PSA Competition Discussion #4

These are the judges comments for Mary’s photograph “Dance Behind Bars.” Log in to the TMCC website to see each of the PSA competition photographs reviewed to date, and contribute to the discussion with your own thoughts about each one.

Picture as submitted…

Edited for discussion….

My comments:

In the very first paragraph of the introduction of Paulo Coelho’s book “Eleven Minutes,” the author writes: “On 29th May 2002, just hours before I put the finishing touches to this book, I visited the Grotto in Lourdes, France, to fill a few bottles with miraculous water from the spring. Inside the Basilica, a gentleman in his seventies said to me: ‘You know, you look just like Paulo Coelho.’ I said that I was Paulo Coelho. The man embraced me and introduced me to his wife and granddaughter. He spoke of the importance of my books in his life, concluding: ‘They make me dream.’ I have often heard those words before, and they always please me greatly.”

I’ve read several of Coelho’s books recently. They’re short novels; he’s best known for “The Alchemist.” I liked “The Hippie” the most of his books that I’ve read so far. If they don’t make you dream, they’ll at least make you think. Really… can we even define what a hippie is, beyond stereotypes and physical appearances? But I’m getting off track.

In 2012, just as I was getting serious about photography and searching for opportunities to sell my work, I went to visit Camille, Director of the Western Colorado Art Museum. I laid out several landscape photographs on a long table as she looked carefully at each one. I was always proud of the work I did, but as the moments passed by I had an uneasy feeling that something was wrong. Finally, she said something to the effect that the prints would go well in some sort of gift shop on Main Street. “So you don’t like them,” I interpreted, thinking they should be exhibited at the Museum of Modern Art in New York; not Alida’s on Main Street in Grand Junction. When I pressed her further on what sort of art she did like, she said, “art that makes me dream.” So began my quest to make images that would make a more profound impression on the art world than a poster in a gift shop.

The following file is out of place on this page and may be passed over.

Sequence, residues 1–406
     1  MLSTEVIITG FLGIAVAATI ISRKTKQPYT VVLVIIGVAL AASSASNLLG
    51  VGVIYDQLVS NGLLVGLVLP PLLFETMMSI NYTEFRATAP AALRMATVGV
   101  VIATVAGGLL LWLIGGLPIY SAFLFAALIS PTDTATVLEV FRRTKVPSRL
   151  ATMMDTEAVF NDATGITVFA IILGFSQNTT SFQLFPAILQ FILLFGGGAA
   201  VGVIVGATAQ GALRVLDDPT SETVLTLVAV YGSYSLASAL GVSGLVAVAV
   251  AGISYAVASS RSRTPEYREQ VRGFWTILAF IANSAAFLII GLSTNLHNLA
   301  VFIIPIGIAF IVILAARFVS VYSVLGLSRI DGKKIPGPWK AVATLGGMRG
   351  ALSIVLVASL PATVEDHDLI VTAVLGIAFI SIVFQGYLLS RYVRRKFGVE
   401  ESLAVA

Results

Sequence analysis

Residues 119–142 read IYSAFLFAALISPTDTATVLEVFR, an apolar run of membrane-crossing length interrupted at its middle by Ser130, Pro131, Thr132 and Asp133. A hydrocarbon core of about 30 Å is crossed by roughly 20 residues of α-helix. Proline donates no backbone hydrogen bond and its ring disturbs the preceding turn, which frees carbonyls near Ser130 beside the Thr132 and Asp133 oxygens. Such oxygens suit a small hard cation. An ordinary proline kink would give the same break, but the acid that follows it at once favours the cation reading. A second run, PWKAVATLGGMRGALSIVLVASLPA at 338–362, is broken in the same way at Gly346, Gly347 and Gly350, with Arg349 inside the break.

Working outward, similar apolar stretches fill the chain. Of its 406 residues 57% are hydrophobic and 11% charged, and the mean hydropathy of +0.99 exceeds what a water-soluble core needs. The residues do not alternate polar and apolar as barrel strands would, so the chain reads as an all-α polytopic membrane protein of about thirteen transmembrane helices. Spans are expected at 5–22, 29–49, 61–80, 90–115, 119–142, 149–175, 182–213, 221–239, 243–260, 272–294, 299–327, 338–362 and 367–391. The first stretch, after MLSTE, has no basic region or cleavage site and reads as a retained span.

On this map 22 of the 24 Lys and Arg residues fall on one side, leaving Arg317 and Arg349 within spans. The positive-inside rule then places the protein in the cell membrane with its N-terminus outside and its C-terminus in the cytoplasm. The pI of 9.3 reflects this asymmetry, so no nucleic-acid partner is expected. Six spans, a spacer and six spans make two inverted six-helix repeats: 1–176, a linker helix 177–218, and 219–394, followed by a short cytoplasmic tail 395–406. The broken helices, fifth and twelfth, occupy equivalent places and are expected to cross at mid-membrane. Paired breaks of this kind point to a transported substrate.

Well, I don’t know about the idea of invading another person’s dreams with my photography, but one thing I do know for sure… which is that a good photograph takes us somewhere. Just like a good book or song that we get immersed in, and takes us to another time or place, a good photograph can do the same thing. That’s what I like about Mary’s photograph. I can imagine strolling through a gritty back alley of Paris or Casablanca. I would give this picture high marks just for being different, and as one judge described: “mysterious.” I appreciate a creative eye… an eye which looks for interesting things in not so obvious places. The picture causes me to look twice, and holds my attention.

The third judge speaks of removing a few elements from the image. I suppose one’s response to that would depend on whether the photographer considers herself a photojournalist or a fine-art photographer. I am definitely the latter at this point in my life, although my roots in photography date back to the infancy of Photoshop when I worked producing real estate brochures showcasing some of the fanciest homes in Aspen and Vail. The rule was that if it was a permanent fixture, I could not clone it out using Photoshop. If the photographer forgot to move a trash can from the front of the home, I could do that in Photoshop. But I couldn’t remove a power line. I’m glad to be free from that type of work, and can go about creating whatever I care to imagine.

If we’re looking at this picture from a fine art perspective, what about that recessed shelf and light fixture overhead? If you were a painter starting with a blank canvas, would you introduce those elements into the scene? I think not… so I took the liberty of cloning them out to see if it improves the picture. I darkened the top of the picture with a slight vignette which helps push the eye toward the primary center of interest. I also introduced a bit more texture into the wall – I love texture and will photograph something for that reason alone, especially something that I’ll want to print on paper. Of course when it gets to print, I want as much sharpness and detail as I can squeeze out of the image capture and post-processing. The gritty texture here is a big part of the story. The picture brings me to a place that I’ll probably never visit in real life. Thank goodness for photography.

Ed Kunzelman

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